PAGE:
MOVIE REVIEWS

Thundercrack

7/10 NR

Wikipedia

January 1, 1975

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Is it possible for a film to be too bizarre, too outrageous - even for cult audiences? That was certainly the case with this one, which was played briefly at midnights and drove people from the theaters in bewildered repulsion. But, then, it was ahead of its time. I had heard about it for twenty years before finally seeing it, and it was definitely worth the wait. You have never...and I mean never...seen anything remotely like Thundercrack.

This black-and-white underground film really defies conventional description, but let me try...It's mainly about Mrs. Gert Hammond (Marion Eaton), an alcoholic widow who lives in a large house on the prairie. She spends much of the film's opening scenes talking about her dead husband, Charlie. During a thunderstorm, several wayward travelers seek shelter for the night. There's a woman who bathes (and pleasures) the besotted Mrs. Hammond and speaks incessantly of religion; there's a gay hustler trying to go straight and the man who picked him up (who just lost his wife in a dreadful accident involving a flaming girdle); and there's a pair of young women whose car exploded after they picked up a man with two crates of stolen bananas.

The group spends the night speaking in ridiculous, hilariously melodramatic style about their various bizarre obsessions and having brief (but definitely hardcore) sex scenes in every conceivable permutation. Straight, gay, solo, and even with a gorilla. Yes, a gorilla. Let's move on...
During the course of the film, we learn that Gert's husband was torn apart by a swarm of locusts, and that his remaining body parts are pickled in the wine cellar. Gert also has a son, who was a sex-fiend and had a room full of toys to enhance his solo fun. Gert watches through a peephole as her guests enjoy themselves in the toy-room while pleasuring herself with a large cucumber. We then learn that the boy went to the tropics for exotic accoutrements, where he contracted elephantiasis of the testicles. Gert keeps the freaky mutant in a locked room for his own protection.
The fun really starts when a circus worker named Bing (George Kuchar) shows up. Bing tried to run his truckful of animals off the road because he didn't want them tortured by crippled children at an upcoming fair. The animals (who are roaming free outside the house) include a gorilla named Medusa, who happens to have an insatiable lust for sex with men. The houseguests spend the rest of the film trying to stay safe from the animals while indulging their personal obsessions and keeping Gert away from her trusty meat-cleaver. The hitch-hiker gets the hustler to submit to being his butt-toy in exchange for his crate of bananas so the young man and his new-found girlfriend can get away. Things really get silly when Gert puts Bing in a wedding dress and marries him to the gorilla.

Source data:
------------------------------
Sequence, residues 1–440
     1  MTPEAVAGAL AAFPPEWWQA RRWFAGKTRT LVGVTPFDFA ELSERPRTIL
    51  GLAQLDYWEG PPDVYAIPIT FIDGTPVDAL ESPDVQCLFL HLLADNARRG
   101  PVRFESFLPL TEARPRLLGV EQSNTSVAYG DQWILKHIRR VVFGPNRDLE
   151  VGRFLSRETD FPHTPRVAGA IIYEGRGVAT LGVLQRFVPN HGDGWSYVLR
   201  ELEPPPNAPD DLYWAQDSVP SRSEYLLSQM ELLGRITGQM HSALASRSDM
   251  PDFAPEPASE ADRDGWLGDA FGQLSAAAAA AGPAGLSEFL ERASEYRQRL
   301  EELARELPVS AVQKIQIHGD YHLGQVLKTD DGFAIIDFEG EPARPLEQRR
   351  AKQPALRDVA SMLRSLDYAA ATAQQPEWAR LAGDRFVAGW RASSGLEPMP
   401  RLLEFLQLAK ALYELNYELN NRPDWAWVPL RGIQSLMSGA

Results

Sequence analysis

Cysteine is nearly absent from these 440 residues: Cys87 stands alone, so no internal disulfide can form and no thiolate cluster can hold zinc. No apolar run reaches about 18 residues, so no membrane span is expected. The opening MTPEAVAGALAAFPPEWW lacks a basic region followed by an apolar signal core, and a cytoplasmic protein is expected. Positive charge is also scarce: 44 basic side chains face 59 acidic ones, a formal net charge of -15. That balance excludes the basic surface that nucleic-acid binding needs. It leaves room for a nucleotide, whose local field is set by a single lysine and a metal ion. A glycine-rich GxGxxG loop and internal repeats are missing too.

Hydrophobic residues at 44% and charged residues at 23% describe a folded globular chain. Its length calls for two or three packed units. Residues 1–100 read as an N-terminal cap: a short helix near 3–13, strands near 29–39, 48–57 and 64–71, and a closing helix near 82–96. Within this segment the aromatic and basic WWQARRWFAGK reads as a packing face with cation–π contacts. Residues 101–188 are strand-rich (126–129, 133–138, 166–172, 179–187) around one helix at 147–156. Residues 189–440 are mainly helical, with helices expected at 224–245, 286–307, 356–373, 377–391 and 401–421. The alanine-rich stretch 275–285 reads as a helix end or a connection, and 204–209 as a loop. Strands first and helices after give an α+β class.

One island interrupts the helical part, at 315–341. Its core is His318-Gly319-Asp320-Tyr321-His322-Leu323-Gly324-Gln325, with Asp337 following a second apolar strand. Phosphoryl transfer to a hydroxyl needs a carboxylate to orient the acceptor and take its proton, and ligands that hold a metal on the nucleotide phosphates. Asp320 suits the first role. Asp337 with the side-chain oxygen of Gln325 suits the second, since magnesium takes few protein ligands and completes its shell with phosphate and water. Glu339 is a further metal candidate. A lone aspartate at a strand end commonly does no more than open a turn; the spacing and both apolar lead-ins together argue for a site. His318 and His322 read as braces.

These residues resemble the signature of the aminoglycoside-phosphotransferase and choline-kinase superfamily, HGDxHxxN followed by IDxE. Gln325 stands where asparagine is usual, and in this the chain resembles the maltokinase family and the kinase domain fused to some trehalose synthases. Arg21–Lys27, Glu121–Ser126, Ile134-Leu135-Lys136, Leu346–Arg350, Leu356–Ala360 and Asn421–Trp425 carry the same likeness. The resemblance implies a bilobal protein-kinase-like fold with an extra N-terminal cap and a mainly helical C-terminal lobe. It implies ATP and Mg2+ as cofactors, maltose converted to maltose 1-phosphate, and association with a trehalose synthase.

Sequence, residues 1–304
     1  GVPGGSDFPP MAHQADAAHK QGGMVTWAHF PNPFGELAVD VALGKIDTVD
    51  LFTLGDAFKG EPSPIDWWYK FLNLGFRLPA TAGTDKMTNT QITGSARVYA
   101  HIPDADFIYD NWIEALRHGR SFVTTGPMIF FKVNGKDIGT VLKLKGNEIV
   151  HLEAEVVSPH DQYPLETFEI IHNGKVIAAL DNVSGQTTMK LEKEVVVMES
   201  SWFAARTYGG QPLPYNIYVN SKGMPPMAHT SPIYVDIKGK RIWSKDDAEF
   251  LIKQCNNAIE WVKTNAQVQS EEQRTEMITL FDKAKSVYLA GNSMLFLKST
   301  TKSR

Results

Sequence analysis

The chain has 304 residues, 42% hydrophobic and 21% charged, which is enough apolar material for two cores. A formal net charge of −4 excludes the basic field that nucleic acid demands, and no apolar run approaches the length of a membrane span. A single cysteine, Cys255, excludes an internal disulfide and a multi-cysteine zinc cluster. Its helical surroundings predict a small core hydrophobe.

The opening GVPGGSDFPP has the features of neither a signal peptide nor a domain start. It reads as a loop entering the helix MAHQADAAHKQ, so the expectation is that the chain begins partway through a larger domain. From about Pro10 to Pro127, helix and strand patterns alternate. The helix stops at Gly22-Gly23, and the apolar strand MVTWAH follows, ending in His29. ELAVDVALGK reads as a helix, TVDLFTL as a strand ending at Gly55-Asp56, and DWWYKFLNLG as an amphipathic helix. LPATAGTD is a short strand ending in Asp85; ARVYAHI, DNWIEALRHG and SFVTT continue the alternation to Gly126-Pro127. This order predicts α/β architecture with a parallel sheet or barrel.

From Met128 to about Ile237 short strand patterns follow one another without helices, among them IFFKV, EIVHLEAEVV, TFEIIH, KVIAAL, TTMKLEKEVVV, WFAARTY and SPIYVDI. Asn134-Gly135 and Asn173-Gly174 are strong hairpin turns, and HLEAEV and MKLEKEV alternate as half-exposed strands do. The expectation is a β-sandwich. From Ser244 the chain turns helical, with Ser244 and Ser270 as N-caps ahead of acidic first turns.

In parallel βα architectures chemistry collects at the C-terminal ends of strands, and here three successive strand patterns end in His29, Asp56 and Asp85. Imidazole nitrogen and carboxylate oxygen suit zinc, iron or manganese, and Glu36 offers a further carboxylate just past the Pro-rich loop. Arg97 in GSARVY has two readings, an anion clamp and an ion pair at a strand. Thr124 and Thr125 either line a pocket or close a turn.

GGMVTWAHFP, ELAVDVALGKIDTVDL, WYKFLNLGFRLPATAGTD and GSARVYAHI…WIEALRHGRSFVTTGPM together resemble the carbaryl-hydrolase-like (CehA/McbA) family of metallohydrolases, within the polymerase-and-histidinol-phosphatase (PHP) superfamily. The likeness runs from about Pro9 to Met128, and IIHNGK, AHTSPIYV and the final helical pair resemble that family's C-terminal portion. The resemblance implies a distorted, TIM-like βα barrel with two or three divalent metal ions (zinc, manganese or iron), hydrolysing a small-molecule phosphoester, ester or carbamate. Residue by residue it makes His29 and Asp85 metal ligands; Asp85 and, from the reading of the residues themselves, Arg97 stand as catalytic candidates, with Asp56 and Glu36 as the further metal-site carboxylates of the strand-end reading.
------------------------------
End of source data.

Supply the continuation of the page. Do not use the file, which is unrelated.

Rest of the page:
It's really pointless trying to summarize any more of this hallucinatory plotline, so let me just say that if you're looking for something funny, weird, and absolutely extreme, this is the movie for you. It flows a lot like a dream - one character will say or do something completely insane and the others will accept it as if it was perfectly normal. One is reminded of Bunuel's Phantom of Liberty as envisioned by John Waters. The grainy black-and-white photography and odd lighting add to the dreamlike effect, as does the film's extreme length. Luminous Video offers a 2-hour version, while Video Search of Miami reportedly has a 2-1/2 hour cut. It's never boring, though, and your jaw will be hanging open in amazement through most of it. George Kuchar's script is brilliantly surreal, and Curt McDowell directs with style belying the low budget. This is a movie that really deserves renewed life on video, and (now that it can find its intended audience) should become a cult classic.

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